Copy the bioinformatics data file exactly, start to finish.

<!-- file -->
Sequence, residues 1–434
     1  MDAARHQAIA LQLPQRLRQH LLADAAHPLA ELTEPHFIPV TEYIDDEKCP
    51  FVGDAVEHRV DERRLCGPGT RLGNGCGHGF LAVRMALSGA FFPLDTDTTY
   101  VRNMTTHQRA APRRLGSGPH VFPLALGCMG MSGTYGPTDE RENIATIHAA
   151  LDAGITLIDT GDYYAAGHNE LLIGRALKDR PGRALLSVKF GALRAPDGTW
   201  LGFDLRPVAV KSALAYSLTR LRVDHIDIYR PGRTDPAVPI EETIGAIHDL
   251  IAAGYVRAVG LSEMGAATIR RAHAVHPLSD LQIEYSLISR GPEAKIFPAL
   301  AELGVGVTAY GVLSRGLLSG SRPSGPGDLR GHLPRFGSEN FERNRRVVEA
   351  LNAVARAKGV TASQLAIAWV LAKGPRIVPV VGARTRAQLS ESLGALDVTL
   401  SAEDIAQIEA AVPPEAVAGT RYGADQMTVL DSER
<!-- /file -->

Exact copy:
Sequence, residues 1–434
     1  MDAARHQAIA LQLPQRLRQH LLADAAHPLA ELTEPHFIPV TEYIDDEKCP
    51  FVGDAVEHRV DERRLCGPGT RLGNGCGHGF LAVRMALSGA FFPLDTDTTY
   101  VRNMTTHQRA APRRLGSGPH VFPLALGCMG MSGTYGPTDE RENIATIHAA
   151  LDAGITLIDT GDYYAAGHNE LLIGRALKDR PGRALLSVKF GALRAPDGTW
   201  LGFDLRPVAV KSALAYSLTR LRVDHIDIYR PGRTDPAVPI EETIGAIHDL
   251  IAAGYVRAVG LSEMGAATIR RAHAVHPLSD LQIEYSLISR GPEAKIFPAL
   301  AELGVGVTAY GVLSRGLLSG SRPSGPGDLR GHLPRFGSEN FERNRRVVEA
   351  LNAVARAKGV TASQLAIAWV LAKGPRIVPV VGARTRAQLS ESLGALDVTL
   401  SAEDIAQIEA AVPPEAVAGT RYGADQMTVL DSER